According to ancient authors, the Greeks painted their sculptures to make them more life like and naturalistic.  The Greeks were interested in naturalism, but they didn’t make their art completely realistic as can be seen with the archaic smile found on the dying warriors from the Temple of Aphaia.  The attempt at naturalism with the painting on the “Archer” shows how much Greek sculptures paid attention to detail.  By just seeing the Greek sculptures without any painting, we can admire the form, and the details in musculature, which are not as noticeable when painted, but we are only seeing a partly finished piece.  We are missing out on the naturalistic detail and artwork and knowledge that can be gained from the paintings.  From the paintings we could get a better idea of what colors the ancient Greeks favored and what style of clothing they may have worn.  I still appreciate and like the white unpainted Greek sculpture, but I also like the detail and the attempt at naturalism of the painted sculpture and the potential information that can be gained from the paintings.  I now think of them as beautiful works of art that are just missing their “clothing”. 


  1. Very interesting point of view on this subject, I really enjoyed reading it! I especially agree with what you said about the archer sculpture, it is crazy to think that thousands of years ago it was that colorful! It’s hard to imagine any of the Greek marbles as colorful, when we see them as white today. I though it very interesting that all because of Winkelmann the perception of pure and beautiful art is seem as white and without color. I like the statues as they are today because they show the true human form without distraction. Great post, thanks!

  2. I really enjoyed your post. I also love the white Greek sculptures that have no paint on them, it makes you appreciate all the details and curves carved out on them. Adding paint will cover all that we can see on the unfinished sculptures, but at the same time, paint will brighten them and make them more attractive and highlight other beautiful points that might not have been there before the paint was applied.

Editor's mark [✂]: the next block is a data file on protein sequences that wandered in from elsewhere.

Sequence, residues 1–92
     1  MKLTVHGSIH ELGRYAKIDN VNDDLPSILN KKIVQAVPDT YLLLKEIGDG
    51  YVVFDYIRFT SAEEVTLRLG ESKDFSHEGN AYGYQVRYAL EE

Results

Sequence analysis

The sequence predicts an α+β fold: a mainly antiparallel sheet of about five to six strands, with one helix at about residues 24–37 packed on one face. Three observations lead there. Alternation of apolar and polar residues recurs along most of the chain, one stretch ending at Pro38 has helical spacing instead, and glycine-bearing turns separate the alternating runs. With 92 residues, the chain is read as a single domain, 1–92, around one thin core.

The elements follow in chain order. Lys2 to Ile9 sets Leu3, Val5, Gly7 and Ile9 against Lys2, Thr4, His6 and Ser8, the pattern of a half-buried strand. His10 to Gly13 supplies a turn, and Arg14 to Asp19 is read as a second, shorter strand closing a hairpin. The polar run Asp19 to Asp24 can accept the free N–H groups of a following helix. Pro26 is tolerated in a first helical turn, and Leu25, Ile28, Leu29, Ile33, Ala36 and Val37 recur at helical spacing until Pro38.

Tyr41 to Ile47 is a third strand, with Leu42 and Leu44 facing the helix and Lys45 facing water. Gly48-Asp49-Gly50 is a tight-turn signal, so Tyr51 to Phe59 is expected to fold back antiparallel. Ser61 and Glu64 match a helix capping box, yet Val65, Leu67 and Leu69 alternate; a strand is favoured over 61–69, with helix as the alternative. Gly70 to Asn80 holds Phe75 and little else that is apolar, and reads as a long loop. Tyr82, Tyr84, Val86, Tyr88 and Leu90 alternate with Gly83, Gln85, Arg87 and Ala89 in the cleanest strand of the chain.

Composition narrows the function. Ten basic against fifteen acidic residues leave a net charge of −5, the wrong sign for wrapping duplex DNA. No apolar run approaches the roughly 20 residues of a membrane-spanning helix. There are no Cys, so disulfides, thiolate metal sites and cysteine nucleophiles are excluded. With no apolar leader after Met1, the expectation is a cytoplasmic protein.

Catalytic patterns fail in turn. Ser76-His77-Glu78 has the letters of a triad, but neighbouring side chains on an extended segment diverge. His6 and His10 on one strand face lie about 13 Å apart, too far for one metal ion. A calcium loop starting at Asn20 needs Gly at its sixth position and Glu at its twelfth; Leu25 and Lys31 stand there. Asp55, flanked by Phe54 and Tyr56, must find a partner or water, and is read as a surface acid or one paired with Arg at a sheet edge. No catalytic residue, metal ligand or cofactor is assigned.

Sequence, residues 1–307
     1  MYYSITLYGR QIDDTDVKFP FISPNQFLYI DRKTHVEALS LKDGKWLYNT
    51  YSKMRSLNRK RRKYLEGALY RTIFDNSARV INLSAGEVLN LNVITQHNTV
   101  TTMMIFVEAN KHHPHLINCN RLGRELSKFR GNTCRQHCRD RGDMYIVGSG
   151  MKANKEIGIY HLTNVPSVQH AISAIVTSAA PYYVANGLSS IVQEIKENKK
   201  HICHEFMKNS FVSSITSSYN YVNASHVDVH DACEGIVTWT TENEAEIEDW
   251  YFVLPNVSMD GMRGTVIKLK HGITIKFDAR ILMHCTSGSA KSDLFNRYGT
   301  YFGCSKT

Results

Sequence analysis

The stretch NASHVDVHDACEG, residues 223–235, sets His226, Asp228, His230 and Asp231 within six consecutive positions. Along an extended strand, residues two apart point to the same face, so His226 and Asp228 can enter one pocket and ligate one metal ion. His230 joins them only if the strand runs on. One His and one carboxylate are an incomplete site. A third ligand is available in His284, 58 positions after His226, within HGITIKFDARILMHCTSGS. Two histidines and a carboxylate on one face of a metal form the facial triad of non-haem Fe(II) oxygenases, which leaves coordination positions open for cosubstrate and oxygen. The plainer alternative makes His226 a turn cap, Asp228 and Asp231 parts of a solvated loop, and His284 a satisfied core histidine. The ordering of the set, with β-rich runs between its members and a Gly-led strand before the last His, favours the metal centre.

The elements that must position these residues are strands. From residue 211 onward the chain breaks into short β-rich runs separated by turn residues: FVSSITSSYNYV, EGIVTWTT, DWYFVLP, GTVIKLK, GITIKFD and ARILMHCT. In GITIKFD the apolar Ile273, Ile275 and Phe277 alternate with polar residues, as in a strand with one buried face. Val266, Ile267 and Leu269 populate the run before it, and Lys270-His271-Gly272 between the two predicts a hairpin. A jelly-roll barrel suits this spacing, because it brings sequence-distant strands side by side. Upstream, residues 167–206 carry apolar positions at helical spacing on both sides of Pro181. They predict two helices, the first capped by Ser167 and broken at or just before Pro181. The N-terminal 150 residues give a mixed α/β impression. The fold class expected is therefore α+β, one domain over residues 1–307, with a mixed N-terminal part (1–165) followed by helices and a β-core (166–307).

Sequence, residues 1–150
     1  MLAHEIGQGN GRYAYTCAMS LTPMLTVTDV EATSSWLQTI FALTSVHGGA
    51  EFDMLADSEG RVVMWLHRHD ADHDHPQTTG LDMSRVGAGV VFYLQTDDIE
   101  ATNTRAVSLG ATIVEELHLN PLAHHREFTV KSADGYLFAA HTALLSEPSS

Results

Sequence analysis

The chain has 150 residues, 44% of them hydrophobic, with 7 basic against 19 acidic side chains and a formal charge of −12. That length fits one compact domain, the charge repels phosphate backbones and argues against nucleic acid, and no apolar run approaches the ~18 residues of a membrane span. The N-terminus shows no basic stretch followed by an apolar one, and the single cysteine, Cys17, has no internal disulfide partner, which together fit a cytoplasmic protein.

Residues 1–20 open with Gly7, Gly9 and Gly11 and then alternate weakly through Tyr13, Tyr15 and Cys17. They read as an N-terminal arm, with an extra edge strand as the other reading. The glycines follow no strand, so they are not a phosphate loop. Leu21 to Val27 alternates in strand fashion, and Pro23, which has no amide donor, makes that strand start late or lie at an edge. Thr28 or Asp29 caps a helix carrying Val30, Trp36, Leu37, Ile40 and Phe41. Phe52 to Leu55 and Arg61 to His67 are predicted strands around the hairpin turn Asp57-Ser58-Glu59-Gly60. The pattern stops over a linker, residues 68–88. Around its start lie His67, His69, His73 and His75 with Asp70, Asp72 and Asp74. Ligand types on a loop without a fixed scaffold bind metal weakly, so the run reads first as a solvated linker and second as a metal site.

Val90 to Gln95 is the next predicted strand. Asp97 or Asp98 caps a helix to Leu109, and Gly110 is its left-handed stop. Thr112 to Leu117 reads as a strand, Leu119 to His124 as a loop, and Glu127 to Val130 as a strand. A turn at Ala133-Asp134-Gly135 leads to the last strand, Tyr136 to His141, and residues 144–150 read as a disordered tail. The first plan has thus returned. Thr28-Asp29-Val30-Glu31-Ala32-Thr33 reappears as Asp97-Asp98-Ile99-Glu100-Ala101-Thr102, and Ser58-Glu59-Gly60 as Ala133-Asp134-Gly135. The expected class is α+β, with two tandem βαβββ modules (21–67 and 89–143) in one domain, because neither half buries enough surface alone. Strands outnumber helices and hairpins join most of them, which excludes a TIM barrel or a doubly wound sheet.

3. Your statement, " The paintings seem so bright at first and out of place." summed up my first impressions when I learned about the Greeks painting their statues. I was not too happy at first to see the examples they seemed so out of place and I am still left to wonder if I like this in the human form. However I think that it could grow on the viewer even scare them.
    That in of itself could cause an extreme belief that naturalistic is about how something really looks. A true image of both man and beast.
    I think that your argument that Winkelmann's influence in changing how we think about the Grecian peoples sense of naturalism could be very true. There is when we stand before these works to want to view them in the stones natural color. We are changing the form of the stone and leaving the palette blank. There is the assumption that this form of sculpture should be as virginal as possible. Thank you for helping me see stone sculpture in different light.

  4. I was also very surprised to learn that the Greeks painted their statues. I always thought that they meant them to be white, perhaps to show that they were not human and could never be. But to learn that they were colorfully painted, I can now understand their humanism movement better. It also helps me understand the myth of Pygmalion better. I always thought the statue was pure white, and I found that very strange that he would fall in love with something like that, but if the statues were colorfully painted, then why not!?